One lesson from Hurricane Irene — or make that, Irene, the tropical storm — is that we have no moderation in our information flow. It’s either all . . . or next to nothing.
For days, weather-watchers reported the direction and shifting wind speeds of the approaching hurricane. We couldn’t look at a television, website, smartphone or tablet without a reminder to stock up on drinking water and fresh batteries. This constant nagging heightened the feelings of urgency — especially for those of us who grew up in a relatively media-free age, when headlines waited patiently on the doorstep until we were ready to take them in.
The blanket storm coverage may have kicked up our anxiety a notch too high, especially since the hurricane slowed significantly before it hit New York. All those masking-taped shop windows afterward seemed overcautious.
But the frequent alerts also made many of us better prepared. My household had never so much as inventoried our flashlights. This time, our outdoor furniture was lashed tightly together with bungee cords, and we had a full propane tank for outdoor cooking — which proved handy since we were among the hundreds of thousands of tristate homes that lost power.
The pre-warnings about Irene had another effect: They made the morning after seem unbearably quiet. Without electricity, there was no Internet telephone service, no website browsing ability. My family hadn’t gotten to the store in time to buy batteries for the radio — those Ds sold out quickly — so we started up the truck in the driveway, eager for news. Had the storm passed? Were we in the calm eye and vulnerable to another blast?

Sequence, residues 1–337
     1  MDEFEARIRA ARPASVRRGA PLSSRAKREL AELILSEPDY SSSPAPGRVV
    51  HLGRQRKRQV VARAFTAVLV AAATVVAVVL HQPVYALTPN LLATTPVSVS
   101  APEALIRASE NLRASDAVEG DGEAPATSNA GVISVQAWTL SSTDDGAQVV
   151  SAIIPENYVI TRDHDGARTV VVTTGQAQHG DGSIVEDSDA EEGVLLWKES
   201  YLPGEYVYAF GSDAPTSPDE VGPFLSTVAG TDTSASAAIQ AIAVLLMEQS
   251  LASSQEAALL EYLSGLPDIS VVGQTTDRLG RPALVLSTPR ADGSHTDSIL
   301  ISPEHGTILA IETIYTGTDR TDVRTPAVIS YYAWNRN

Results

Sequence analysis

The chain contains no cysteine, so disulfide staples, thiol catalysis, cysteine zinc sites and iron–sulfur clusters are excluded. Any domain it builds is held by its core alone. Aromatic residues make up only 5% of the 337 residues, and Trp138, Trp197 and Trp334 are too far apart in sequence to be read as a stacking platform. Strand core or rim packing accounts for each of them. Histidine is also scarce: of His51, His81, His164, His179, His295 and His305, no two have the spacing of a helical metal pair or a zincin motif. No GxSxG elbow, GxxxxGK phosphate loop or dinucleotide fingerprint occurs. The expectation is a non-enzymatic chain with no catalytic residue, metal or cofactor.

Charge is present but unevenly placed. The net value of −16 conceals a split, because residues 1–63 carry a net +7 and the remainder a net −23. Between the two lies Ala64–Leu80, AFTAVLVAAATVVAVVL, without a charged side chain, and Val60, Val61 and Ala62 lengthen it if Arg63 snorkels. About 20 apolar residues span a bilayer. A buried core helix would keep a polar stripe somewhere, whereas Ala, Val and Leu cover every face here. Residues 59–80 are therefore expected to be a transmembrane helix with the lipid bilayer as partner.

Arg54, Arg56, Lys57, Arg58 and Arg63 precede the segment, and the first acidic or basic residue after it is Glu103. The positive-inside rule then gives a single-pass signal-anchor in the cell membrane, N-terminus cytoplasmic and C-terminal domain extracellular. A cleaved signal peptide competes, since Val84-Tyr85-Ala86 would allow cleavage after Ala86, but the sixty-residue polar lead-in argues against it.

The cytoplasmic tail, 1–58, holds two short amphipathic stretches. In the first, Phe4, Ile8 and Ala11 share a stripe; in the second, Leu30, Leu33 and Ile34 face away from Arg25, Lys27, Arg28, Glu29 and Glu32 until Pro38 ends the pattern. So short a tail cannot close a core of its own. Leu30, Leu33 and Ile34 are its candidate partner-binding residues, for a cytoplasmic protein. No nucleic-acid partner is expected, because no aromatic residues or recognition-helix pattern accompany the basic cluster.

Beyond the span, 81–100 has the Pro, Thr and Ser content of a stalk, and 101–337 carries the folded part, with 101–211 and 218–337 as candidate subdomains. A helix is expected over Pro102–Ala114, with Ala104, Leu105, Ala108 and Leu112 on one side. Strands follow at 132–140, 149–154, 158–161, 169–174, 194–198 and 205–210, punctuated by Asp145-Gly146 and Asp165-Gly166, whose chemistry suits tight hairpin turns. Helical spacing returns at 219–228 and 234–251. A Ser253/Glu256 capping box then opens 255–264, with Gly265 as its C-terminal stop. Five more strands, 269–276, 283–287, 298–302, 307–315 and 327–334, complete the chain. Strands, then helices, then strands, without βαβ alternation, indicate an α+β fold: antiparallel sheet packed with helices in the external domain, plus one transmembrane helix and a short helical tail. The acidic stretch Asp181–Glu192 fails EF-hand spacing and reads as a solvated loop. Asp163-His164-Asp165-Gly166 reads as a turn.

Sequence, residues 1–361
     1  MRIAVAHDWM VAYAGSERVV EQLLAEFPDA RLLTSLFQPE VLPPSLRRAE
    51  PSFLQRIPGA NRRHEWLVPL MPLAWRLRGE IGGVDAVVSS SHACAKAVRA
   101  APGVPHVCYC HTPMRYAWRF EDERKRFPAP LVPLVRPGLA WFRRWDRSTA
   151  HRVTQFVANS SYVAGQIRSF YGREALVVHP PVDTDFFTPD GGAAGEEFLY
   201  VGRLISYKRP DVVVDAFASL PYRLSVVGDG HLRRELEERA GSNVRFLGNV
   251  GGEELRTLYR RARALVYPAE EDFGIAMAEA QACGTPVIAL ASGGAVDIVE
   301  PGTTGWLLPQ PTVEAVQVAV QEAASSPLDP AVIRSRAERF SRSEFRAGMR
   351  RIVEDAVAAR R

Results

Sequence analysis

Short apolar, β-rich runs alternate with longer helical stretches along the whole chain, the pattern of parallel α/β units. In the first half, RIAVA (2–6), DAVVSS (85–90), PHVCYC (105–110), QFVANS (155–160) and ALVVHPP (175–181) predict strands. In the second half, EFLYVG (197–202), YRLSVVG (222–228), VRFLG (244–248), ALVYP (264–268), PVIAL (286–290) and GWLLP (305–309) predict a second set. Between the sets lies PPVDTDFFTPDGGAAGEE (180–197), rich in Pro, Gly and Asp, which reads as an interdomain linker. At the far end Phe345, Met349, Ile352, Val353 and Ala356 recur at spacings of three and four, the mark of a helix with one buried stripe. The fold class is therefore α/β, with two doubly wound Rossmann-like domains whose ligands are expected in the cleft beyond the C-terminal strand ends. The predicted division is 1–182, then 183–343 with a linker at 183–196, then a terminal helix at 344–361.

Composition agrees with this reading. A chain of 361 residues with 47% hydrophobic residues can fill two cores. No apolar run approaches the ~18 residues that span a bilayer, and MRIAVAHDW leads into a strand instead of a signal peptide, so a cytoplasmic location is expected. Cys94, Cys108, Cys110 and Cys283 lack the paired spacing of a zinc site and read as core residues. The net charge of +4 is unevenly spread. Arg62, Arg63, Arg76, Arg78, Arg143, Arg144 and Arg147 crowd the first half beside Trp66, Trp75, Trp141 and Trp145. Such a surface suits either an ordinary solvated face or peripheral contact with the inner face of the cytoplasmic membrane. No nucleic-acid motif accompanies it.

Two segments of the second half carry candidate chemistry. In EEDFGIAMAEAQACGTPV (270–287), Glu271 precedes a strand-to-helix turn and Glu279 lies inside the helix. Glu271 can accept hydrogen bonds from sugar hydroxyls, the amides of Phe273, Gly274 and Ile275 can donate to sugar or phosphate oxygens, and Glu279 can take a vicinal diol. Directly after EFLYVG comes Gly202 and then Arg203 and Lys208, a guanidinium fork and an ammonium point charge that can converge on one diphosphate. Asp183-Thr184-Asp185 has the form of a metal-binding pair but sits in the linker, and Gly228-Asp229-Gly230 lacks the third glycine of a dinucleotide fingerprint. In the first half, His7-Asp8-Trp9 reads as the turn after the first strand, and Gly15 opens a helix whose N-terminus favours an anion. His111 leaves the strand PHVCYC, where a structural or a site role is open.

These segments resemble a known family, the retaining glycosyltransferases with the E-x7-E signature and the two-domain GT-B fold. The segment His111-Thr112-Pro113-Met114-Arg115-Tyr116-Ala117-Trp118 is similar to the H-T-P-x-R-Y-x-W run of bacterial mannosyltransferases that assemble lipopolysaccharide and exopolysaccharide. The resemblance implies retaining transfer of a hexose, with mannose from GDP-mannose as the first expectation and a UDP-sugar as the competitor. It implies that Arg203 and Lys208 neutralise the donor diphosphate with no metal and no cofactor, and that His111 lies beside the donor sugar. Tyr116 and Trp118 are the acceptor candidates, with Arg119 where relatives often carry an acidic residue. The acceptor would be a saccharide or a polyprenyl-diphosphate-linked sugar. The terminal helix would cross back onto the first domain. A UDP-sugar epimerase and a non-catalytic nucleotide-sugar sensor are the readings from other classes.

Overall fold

It’s impossible to imagine my parents’ generation being caught without radio batteries.
By midday Sunday, people were emerging from their homes to look around at the wreckage. It was reassuring to be amongst each other. Snapped pine branches scented the air like Christmas.
Some shops were open, powered by noisy generators. Two of the Greek restaurants in Huntington Village had open doors, not to be outdone one by the other. Several caffeine addicts lounged mournfully on the steps of the darkened Starbucks. Neighbors sat on porches with books, turning actual pages and reading by daylight.
A second lesson of Irene is how dependent we are on electronics not only to inform, but also to entertain.
Back at home, still chipper about our power loss, my daughter set up a game of Clue. Afterward, we read until the light faded. I had a charming Jane Eyre moment, transported into the 19th century in my imagination as I carried a candle to the basement to feed the cats. Did Jane also scoop kitty litter by candlelight?
Our peaceful acceptance didn’t last. My daughters quarreled over how to use the remaining charge in the laptop. Power up one iPod Touch? Play an audiobook they could both listen to?
As darkness closed in, the quiet was broken by a high-pitched whine. It stopped, then started again, several times. Annoyed, I asked my husband what he thought it was. He replied, “Crickets.”
So, that’s what’s on the other side of the air-conditioners’ hum.
Darkness fell before 8 p.m., but who goes to bed that early? We burned greedily through our last energy resources, playing solitaire on the iPad.
Monday morning, still without power, my husband shouldered his laptop and went in search of public places with Wi-Fi. I trust the Long Island Power Authority is hard at work.